IN THIS SECTION
FAST Lab Tour
Come on inside
... don't forget to wear your safety goggles - The FAST lab contains high power lasers that can produce pulses from infrared to ultraviolet. This can be very dangerous for the eyes, even if beams are only viewed indirectly. Direct exposure to the beams themselves can also damage skin.
The FAST lab is unique within the ORC, in that the facilities are a central resource rather than attached to a specific group. This means that the exact setup of the equipment and the experiments taking place vary considerably.
The floorplan of the lab, however, is relatively unchanging. This is because two tonnes of optical table is not easily moved. These heavy tables significantly reduce the vibrations transmitted to the experiments - very important when experiments can be looking at something around 20nm in size; just a few molecules. Camera-shake can be a bit of a problem.
The Laser System
The laser system has wavelength coverage from 230nm (ultraviolet) to 10Ám (infrared) with pulse energies up to 2.5mJ. Because this 2.5mJ is contained in such a short pulse, the peak power approaches 50 Gigawatts.
50GW put in Perspective
50 Gigawatts is very high power, equivalent to more than 30 nuclear power stations. The entire capactiy of the national grid for the UK is around 70GW.
2.5mJ is not a lot of energy, but confined to a small time and space it is enough to do very unusual things to matter. These unusual behaviours is what we study, to push the boundaries of our understanding of physics, chemistry and biology, and develop new technology out of that understanding.
Detectors and Diagnostics
No laboratory would be complete without a full range of diagnostic and detection equipment, and the FAST lab is no exception. There are power meters to cover all parameters. Autocorrelation and spectrometers both currently cover the range 235nm to 2.6Ám.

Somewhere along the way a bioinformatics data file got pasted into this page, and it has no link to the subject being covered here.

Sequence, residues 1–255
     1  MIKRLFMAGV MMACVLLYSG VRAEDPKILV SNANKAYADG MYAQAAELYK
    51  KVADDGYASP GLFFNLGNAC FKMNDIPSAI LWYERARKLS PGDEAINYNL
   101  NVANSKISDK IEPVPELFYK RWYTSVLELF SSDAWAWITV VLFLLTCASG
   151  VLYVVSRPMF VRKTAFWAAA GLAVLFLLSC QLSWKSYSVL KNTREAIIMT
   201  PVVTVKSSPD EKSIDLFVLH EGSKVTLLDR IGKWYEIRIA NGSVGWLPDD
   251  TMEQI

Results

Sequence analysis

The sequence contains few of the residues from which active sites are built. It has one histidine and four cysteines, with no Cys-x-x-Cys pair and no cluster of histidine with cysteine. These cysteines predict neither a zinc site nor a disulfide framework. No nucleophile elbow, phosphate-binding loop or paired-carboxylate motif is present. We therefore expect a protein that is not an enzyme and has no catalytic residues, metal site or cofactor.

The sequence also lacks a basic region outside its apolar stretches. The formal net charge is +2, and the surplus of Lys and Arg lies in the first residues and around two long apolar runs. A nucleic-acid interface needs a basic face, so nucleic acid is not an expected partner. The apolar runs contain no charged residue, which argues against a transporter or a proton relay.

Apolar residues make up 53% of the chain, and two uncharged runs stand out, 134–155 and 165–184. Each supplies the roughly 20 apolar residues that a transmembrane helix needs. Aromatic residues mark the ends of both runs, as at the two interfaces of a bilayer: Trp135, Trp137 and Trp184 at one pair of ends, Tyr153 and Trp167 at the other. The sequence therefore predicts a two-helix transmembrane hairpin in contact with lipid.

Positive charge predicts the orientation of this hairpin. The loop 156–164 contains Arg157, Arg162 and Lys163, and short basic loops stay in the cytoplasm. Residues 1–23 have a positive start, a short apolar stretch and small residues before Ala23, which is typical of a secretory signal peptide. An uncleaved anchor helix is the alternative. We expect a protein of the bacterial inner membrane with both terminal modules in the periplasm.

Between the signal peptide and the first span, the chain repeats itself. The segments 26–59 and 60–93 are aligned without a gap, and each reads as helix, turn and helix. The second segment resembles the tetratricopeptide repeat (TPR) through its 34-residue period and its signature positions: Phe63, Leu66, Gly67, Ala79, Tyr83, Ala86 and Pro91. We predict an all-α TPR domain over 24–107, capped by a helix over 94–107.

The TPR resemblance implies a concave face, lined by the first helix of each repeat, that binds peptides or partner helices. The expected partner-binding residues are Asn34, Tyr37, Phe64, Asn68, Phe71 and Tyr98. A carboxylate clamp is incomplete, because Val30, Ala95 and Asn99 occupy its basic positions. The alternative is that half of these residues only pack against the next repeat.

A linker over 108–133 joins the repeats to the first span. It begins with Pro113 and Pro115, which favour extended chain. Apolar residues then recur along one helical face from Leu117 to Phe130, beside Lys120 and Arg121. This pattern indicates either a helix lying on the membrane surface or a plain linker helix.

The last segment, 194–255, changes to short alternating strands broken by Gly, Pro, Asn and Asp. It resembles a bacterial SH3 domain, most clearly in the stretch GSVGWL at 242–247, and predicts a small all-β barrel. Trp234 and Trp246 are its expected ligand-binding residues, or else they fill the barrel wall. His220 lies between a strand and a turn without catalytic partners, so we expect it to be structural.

The FAST Biolab
Attached to the main laboratory is a 'clean' biolab. Here laser pulses can be routed through to an optical table for biophotonics experiments. The lab includes a Heraeus Class II Cabinet and Heraeus CO2 Incubator.
A fridge, freezer and dishwasher, make this a home from home for today's busy physicist / biologist / chemist.
The ORC's interest in femtosecond science covers many areas including nonlinear optical phenomena, materials science, biophotonics and nano-technology. This covers a wide area, several of the ORC's research groups, and collaborative projects with several other disciplines.
We are currently developing experiments designed to combine the high spatial resolution of Scanning Near-Feild Optical Microscopy (SNOM) with the ultrafast time-scales given by femtosecond pulses. The image on the left is the tuning-fork/optical probe based system we have assembled.
This commercial micromachining workstation has computer controlled energy delivery and focusing of laser pulses. It is suitable for both surface ablation and waveguide writing within samples.
The vacuum chamber/femtosecond pulse system is being utilised to develop various materials science experiments.
Copyright University of Southampton 2006